Raut #11 In the Czech art scene, we are still first and foremost foreigners

12. 12. 2022
Podcast Audio

Thematizing one's own minority identity may or may not be profitable for artists. How does it feel for artists who are more often perceived through their identity than through their work itself? „Curators are fascinated by the exotic,” say artists Minh Thang Pham and Zai Xu.

Please note that the podcast is available only in Czech.

"We were the only two Asians at AVU, and everyone mixed us up. A professor once told me I'd had a better drawing last time, but he thought he was talking to Zai," says artist Minh Thang Pham. He was born in Vietnam but has lived in the Czech Republic since he was two. He elaborates on the motifs and stories associated with his origins in his art projects, which in itself has garnered him interest from curators.

 The themes of different identities, whether class, sexual, or ethnic, are gaining more and more space in contemporary art. For artists from marginalized communities, this can even accelerate their careers. But it also brings a number of questions and conflicts. Suddenly, identity may seem more important than the art itself. Indeed, for many people, it is the easiest key to reading an artist's work.

 Pham has defined his personal experience of the problematic approach of some male and female curators in an article published in the magazine FlashArt CZ/SK, but his criticism is mainly directed at the systemic transformation of the perception of artists with minority identities.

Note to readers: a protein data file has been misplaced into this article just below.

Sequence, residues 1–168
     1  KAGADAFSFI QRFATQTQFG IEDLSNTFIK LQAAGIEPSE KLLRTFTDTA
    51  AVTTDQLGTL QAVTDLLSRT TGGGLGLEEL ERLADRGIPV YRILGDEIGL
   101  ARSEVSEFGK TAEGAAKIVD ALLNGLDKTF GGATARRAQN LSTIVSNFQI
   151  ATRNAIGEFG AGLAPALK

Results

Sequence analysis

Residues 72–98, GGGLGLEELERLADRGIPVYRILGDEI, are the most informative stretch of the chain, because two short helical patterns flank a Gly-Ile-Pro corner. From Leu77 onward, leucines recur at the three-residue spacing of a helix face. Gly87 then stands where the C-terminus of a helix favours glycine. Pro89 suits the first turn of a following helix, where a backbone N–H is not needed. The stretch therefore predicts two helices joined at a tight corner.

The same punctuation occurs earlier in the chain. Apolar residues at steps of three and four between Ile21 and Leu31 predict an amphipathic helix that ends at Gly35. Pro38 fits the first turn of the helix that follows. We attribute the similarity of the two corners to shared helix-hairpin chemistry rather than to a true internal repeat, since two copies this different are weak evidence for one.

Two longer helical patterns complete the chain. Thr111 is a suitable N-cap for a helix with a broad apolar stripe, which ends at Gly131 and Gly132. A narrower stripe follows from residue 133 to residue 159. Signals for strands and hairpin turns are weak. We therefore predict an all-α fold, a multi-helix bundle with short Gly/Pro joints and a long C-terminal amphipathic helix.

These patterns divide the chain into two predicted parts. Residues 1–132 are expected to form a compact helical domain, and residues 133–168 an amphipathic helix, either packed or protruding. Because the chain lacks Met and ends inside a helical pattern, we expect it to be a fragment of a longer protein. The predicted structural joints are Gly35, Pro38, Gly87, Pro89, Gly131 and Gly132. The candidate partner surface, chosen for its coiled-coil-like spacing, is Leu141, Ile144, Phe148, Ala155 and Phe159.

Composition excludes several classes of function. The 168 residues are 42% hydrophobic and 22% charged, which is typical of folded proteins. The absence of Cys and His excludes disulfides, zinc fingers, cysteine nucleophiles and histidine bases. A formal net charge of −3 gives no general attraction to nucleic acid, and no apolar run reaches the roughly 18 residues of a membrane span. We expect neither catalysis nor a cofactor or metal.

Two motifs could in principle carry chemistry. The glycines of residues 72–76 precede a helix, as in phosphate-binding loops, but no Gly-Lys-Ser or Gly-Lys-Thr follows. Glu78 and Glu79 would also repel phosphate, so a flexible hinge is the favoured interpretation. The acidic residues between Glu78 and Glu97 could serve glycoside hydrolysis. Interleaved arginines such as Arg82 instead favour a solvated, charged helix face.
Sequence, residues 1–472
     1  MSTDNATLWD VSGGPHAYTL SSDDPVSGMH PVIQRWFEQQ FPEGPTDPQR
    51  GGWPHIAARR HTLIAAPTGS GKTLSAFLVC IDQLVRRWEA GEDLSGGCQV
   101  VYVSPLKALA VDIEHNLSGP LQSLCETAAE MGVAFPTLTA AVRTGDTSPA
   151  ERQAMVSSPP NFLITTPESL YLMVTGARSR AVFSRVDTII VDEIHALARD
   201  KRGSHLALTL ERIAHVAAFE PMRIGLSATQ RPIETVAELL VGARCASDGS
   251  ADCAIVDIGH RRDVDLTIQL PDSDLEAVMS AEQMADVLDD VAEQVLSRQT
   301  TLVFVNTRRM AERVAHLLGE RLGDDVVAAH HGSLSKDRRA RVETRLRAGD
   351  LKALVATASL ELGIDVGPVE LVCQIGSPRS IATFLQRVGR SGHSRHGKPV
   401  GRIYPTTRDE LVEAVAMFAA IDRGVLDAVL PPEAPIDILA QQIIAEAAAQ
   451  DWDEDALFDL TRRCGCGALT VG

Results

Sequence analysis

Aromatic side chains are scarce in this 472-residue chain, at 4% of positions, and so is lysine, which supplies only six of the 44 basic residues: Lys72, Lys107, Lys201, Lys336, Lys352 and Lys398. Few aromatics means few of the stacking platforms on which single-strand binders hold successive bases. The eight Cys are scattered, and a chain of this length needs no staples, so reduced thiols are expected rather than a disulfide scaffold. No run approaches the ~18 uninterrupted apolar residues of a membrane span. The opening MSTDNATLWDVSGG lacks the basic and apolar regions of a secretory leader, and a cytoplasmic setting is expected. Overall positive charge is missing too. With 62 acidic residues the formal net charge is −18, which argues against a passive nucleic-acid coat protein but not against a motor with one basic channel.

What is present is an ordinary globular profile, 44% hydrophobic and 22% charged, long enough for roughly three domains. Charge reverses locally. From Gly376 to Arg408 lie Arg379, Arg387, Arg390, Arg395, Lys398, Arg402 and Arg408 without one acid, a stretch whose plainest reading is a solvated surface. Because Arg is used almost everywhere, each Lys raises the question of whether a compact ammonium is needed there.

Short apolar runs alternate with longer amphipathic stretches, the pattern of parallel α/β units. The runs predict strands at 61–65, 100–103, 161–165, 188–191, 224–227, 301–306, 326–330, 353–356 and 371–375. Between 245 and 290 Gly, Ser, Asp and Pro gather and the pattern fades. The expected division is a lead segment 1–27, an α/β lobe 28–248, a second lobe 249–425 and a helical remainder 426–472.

"Curators are fascinated by the exoticism of artists, but they should be guided above all by a genuine interest in the work of a particular artist. An individual growing up within a minority community always implicitly draws on the pain he or she has experienced. But exhibition organizers should not reduce art to this level alone," says Pham.

Zai Xu is an artist who also works as a curator at Prague's Světova 1 gallery. Like Pham, in his curatorial and artistic practice Xu has processed his personal experience of the dominant society's treatment of those who are different in some way, while also reflecting on how he himself works with this perspective. He chronicles his experiences, among other things, in the text "Why Am I so White?" which was published in the anthology of texts Soft Spots as part of the Biennale Matter of Art 2022.

"I'm slowly becoming aware of all these internalized forms of humiliation, different weapons, and cages. I'm stuck in a trap I've set for myself. So you could say that I am my own colonizer. Fear has conquered my whole body, pain has brought me down. This hatred that stole so much from me," Xu writes in the text. 

As he says in the interview, minority identity is to some extent advantageous for artists today. "Artists themselves know what works, plus they are not in a good financial situation. They recognize that if they address this issue, they will get the job. We're getting into a vicious circle where everyone is just performing and not addressing any real issues. This performed identity gradually starts to merge with the real one, which is scary," says Xu.

The podcast is part of tranzit.cz / Matter of Art project Centre and Periphery: Cultural Deserts in Eastern Europe supported by a grant from Iceland, Liechtenstein and Norway (EEA Grants) as a part of the programme Culture. The series is supported by the State Culture Fund of the Czech Republic. The main partner of tranzit.cz is ERSTE Foundation.

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